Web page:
Entries Tagged 'Economics and Investing' ↓
July 25th, 2016 — Banks, Word of The Day
Ramping—what it means for financial-crime prosecutions….
A number of financial sector frauds are now being reported in the news.
Notable is the arrest of the HSBC executive in charge of global forex cash trading, and an outstanding warrant for a former executive at that bank.
Forex is short for foreign exchange of currencies. This is the biggest of the global financial markets. Trading in the forex market averages 5.3 trillion dollars per day!
HSBC is a British bank, one of the largest investment banks in the world, headquartered in London. Prior to the Financial Crisis of 2008, HSBC was a leader in bank transfers.
This was back in the day when bank transfers weren’t as easy to do as now. HSBC acted as an intermediary, transferring a depositor’s money from one bank or credit union into its own bank and then on to another bank or credit union.
Forex is a similar operation. An intermediary bank accomplishes a transfer of one party’s currency into a different currency that is used by another country.
Usually forex transactions are a matter of exchanging smaller countries’ currency for the big five global currencies; the US dollar, EURO, Yen, British pound, or Swiss Franc.
For business transactions, forex facilitates trade between two or more parties operating in different country currencies.
International businesses; big investors called “money-market traders”; and tourists, all depend heavily on the forex market to “get to where they’re trying to go” financially or in person.
HSBC investigated the alleged fraud, a $3.5 billion purchase of sterling in 2011 for the Cairn Energy PLC, one of Europe’s leading independent oil and gas exploration and development companies, and found no breach of HSBC’s own code of conduct.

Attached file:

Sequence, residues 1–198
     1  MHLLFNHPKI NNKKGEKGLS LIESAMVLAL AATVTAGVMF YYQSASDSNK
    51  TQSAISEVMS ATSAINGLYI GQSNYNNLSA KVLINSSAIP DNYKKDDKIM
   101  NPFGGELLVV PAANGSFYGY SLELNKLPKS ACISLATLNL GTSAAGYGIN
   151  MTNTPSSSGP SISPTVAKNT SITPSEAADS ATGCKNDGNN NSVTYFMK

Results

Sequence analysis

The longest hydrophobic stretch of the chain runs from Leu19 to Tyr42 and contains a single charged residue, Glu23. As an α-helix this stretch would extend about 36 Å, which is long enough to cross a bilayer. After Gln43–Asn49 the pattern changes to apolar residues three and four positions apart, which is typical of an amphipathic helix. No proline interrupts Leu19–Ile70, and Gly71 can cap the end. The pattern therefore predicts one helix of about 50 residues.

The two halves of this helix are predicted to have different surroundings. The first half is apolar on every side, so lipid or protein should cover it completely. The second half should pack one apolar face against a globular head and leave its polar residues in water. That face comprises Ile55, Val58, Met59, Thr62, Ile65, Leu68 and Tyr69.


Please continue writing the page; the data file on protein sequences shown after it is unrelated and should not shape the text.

However, after the Financial Crisis of 2008 turned over a lot of financial rocks and slimy beings scurried out into the light, HSBC was alleged to have been involved in several kinds of shady dealings. Continue reading →
June 30th, 2016 — Economics and Investing
Elizabeth Warren, the senator from Massachusetts who engineered the creation of The Consumer Protection Bureau recently gave a speech that “slams Uber and Lyft”.
The Financial Times commented that, “Warren, a liberal firebrand, accused them [Uber and Lyft] of undermining economic security.”
What gives? Shouldn’t Elizabeth Warren, US Senator, a progressive, the one who gave birth to the new US Consumer Financial Protection Bureau (CFPB), be on the side of lower prices for consumers?
Robert Reich’s 2007 book, Supercapitalism: The Transformation of Business, Democracy, and Everyday Life, suggests why the answer to this question is “no”!
The main theme of economist Reich’s book is that consumers and investors are dominating politics while workers and government are lagging way behind in political influence.
As a result, while cheaper goods are nice for shoppers, there is a price to be paid for those things. Workers wind up with increasingly low wages and government loses out because it collects less taxes from low-wage earners. Continue reading →
February 23rd, 2016 — Economics and Investing, Government
Right now there’s a lot of talk about negative interest rate government bonds. Let’s understand what this means for the US and the rest of the world. Are negative interest rate bonds a sign of recession?
Negative interest rate bonds
Most nations and some regions in the world have a central bank. Some central banks are run by the government. Others are privately owned. These central banks try to influence their national economy for the better.
Some of these central banks have tried quantitative easing to stimulate national economic growth. QE means that governments have been paying to buy back their own bonds. This hasn’t worked out well.
Now governments are going the other way. They are selling a new kind of government bond–long term government bonds that pay a negative rate of return upon expiration.
In other words, negative interest bonds are bonds that a government expects to make a profit from at the end of the bond’s lifetime.
Does this sound incredible to you? It is. Who would bet on a horse they knew would lose? Continue reading →